Wednesday, November 29, 2006

Yesterday, Prime Minister Tony Blair issued a statement of regret at Britain's role in the slave trade. He stopped short of making a formal apology because this will open up claims of reparations from slave descendants.

Campaigners said his statement does not go far enough and have called for a full disclosure of facts and compensation for the families of African people who were sold for slavery.

After reading the news item, I went to Have Your Say and was astonished at the British attitudes to this expression of 'sorrow' and the apology. Some were going on that slavery happened 200 years ago so why should Britain apologies for something that happened so long ago. And some were saying British people should be happy that Britain was the first country to abolish slavery not apologies, and some were saying why do people only concentrated on Black slavery what about the slavery within Britain under Romans and Vikings. Well, the word I would use from reading the posts will be 'shocked'. The racist comments from these 'liberal' people was utterly shocking. But I wasn't surprised, these comments are part of the legacy left by slavery. The thought that these people do not know what it's like to have been under some one's thumb made me angry towards their attitude.

People, mostly people of European descendant are against apologising for slavery because they are afraid of reparation, economic reparation. The thought of them handing out money to Black descendants leaves them shaking in their boots. But they have to admit that slavery and colonialism played a role in the economic development of their country. Businesses, banks to be more exact, profited from the slave trade. African societies were ransacked and new societies were built on the labour and lives of Africans. Slavery and colonialism were carried out for the economic enrichment of Europe and its descendants. So these people who are crying out that they did not have anything to do with slavery and so should not apologise are enjoying the fruits of slave labour.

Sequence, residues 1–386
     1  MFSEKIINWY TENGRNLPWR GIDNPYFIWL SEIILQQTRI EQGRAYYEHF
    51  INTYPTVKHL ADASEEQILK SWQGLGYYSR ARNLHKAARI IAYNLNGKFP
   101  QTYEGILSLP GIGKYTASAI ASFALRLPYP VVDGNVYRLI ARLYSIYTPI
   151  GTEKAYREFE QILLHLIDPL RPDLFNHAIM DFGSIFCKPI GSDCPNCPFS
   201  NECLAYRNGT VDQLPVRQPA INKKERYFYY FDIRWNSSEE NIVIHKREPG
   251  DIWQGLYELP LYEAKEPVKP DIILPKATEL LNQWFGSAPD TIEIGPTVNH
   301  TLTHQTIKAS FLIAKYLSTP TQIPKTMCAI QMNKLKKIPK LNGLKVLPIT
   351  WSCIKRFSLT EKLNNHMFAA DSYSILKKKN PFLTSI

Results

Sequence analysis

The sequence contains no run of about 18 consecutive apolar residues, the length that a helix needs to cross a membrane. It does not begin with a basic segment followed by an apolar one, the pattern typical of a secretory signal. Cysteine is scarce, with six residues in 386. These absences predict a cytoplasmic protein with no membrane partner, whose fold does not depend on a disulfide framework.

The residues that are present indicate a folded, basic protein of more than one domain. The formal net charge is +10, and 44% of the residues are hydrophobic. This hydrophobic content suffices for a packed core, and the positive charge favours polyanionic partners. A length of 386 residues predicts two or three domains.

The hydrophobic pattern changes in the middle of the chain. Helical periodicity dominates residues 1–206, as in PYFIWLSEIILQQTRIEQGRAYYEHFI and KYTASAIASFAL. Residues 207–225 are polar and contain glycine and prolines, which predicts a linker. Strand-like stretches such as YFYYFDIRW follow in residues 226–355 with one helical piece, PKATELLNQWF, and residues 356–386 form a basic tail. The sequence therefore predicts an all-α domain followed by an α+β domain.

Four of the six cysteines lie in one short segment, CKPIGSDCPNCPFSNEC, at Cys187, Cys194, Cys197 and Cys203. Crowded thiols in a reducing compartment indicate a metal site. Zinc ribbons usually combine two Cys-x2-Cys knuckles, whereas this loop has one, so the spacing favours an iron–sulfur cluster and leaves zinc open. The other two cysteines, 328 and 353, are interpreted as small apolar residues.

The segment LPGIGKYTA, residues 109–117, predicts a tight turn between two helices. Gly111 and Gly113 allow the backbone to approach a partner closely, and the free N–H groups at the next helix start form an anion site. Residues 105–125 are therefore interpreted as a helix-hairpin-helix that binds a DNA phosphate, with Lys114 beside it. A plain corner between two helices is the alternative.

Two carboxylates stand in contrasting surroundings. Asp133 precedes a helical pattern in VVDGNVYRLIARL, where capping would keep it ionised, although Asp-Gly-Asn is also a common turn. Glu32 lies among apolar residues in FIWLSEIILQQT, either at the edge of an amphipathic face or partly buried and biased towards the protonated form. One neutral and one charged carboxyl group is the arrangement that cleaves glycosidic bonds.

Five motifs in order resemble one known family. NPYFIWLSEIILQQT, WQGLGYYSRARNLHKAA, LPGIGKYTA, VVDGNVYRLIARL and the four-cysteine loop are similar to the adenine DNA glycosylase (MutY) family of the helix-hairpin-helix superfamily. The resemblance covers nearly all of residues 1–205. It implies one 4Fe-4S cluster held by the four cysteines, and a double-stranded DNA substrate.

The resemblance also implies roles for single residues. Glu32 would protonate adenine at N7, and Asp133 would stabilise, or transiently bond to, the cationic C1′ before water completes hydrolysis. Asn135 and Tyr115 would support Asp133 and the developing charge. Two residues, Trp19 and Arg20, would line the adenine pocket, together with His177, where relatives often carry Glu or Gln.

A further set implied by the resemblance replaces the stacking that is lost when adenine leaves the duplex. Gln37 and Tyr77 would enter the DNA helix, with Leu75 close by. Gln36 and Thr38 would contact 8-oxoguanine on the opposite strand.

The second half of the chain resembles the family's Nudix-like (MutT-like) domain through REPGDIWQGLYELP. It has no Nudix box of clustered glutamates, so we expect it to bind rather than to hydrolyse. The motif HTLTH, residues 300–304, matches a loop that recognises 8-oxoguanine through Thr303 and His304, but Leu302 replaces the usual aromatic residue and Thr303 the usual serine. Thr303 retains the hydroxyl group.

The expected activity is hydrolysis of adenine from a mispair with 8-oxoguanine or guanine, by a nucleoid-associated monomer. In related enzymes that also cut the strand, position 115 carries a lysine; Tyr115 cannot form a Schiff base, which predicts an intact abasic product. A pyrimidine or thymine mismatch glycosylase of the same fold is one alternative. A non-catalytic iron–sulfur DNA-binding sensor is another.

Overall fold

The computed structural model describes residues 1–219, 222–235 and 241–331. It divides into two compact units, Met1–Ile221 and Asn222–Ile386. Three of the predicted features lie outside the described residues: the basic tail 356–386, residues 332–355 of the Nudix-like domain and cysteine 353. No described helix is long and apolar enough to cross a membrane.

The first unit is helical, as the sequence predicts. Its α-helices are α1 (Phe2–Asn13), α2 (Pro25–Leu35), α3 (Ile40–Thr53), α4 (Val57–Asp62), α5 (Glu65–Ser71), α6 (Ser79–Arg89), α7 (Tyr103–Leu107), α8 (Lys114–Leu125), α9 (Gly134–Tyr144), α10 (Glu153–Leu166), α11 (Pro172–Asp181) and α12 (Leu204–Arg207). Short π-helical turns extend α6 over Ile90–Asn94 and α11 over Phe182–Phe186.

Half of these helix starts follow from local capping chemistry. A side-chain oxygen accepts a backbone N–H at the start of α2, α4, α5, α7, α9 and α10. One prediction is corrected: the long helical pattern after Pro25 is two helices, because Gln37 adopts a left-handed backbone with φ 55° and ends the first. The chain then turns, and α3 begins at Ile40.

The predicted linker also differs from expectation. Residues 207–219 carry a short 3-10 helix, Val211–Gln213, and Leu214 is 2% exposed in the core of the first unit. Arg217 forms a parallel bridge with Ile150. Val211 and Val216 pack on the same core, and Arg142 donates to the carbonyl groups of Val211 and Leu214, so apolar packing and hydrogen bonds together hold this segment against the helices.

Stephen Smith said on an online discussion that 'refusing to give an apology is denying responsibility as a nation and serves to re-enforce racial divisions' and I agree. Racial attitudes and mindsets originated from slavery. It was these mindset that also created colonialism, where European countries saw Africa and Africans as mere objects to use and exploit. 'Slave mentality' that Bob Marley sings about in his redemption song derives from slavery. So surely people could see that repercussions of slavery still run deep today so to brush it away as something that happened 200 years ago is foolish and very detrimental.

An apology could be a starting point for people who benefited from slavery and colonisation to build bridges with the victims (slave descendants) of this brutality because living descendants of slaves have not forgotten that slavery existed. Africans have not forgotten that colonialism existed and we still celebrate our independence every year (Botswana's Independence is on the 30 September).

But I must admit some had a point in pointing out that some African chiefs had a hand in selling their people to the slave traders and this needs a proper evaluation of why people would exploit their own. And if reparations are ever made will their descendants pay they price.

1 comment:

Unathi said...

The Brits will always be Brits. Instead I have somehow developed an attitude towards our fore-fathers, who all because of greed, allowed these attrocious men or colonizers into their turfs. I don't know I could be wrong, maybe the chiefs of those days did sell off their people.

Same being in South Africa, that the ANC sold-off some of its fellow struggle mates to get to where they are. It's complex and once one mentions reparations it becomes far more complex. This definitely is a topic you might wanna probe further - you'll be shocked at the responses and the ways in which people think when it comes to issues of unjust pasts.